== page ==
fund's winnings. Even the past three years, as investors lost over 40 percent on
equity funds during the bear market, fund managers were giving themselves an
average 35 percent increase in pay.
How do they do it?
- By hiding transaction costs. Actively managed equity
funds currently report an average expense ratio in the range of 1.5 percent.
But that doesn't include transaction costs.
- Sales commission.
Most actively-managed funds are sold by brokers who get a commission in the
six percent range. Regardless of what they do or do not do, managers give the
broker a commission to hustle assets. So deduct at least 0.5 percent to
account for the annual impact of the commission.
- Cash drag.
Actively managed funds have much higher cash reserves than an index fund. The
effect of this "opportunity cost" or cash drag is a deduction of another 0.6
- Transaction costs.
Fund managers have lots of fun buying and selling stocks, playing big-shot
with your money. The typical turnover ratio is about 100 percent annually --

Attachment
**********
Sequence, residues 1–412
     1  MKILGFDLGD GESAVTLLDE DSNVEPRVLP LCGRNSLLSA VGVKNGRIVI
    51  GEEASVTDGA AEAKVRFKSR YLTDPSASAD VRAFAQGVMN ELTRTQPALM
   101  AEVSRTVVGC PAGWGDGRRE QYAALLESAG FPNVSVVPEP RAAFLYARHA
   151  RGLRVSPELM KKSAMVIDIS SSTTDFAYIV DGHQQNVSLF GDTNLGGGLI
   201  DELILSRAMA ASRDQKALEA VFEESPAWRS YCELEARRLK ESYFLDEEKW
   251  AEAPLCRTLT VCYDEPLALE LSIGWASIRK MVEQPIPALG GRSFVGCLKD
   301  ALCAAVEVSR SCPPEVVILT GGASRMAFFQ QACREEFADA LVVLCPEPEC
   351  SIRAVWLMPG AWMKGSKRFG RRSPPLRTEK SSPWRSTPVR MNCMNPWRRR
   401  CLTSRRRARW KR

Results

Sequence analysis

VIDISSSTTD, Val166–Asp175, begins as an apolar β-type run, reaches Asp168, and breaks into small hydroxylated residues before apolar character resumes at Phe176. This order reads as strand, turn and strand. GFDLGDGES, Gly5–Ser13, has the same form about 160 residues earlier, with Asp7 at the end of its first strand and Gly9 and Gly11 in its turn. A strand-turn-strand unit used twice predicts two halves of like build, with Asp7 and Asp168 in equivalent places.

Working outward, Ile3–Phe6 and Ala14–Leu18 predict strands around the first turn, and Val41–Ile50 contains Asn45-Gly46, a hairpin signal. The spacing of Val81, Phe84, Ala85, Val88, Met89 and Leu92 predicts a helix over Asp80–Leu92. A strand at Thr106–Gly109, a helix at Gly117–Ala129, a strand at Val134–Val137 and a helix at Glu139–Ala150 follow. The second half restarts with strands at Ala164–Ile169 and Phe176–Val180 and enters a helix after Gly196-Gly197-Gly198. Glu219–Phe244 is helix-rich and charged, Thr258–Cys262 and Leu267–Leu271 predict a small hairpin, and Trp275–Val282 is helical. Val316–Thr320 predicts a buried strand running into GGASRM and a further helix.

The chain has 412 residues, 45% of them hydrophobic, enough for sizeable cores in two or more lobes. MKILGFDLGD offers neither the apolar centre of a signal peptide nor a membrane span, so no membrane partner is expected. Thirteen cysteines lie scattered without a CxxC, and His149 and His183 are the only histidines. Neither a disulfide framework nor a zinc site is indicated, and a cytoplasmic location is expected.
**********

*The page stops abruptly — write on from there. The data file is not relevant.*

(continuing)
i.e., they're turning over their entire portfolio every single year.
- Management fees and expenses.
Now subtract another 1.5 percent for the reported fees and expenses that the
fund managers charge investors, including misleading 12(b)1 marketing fees.
But that's not all. Now Uncle Sam wants his cut of the profits in your taxable
accounts. And since that depends on an individual's bracket, it could be
anywhere up to 2.7 percent. But let's be ultra-conservative at 0.7 percent.
- Gross, pretax and after-tax investor
return. Let's suppose your fund is generating
a nice average gross annual return of 12 percent on total assets over the long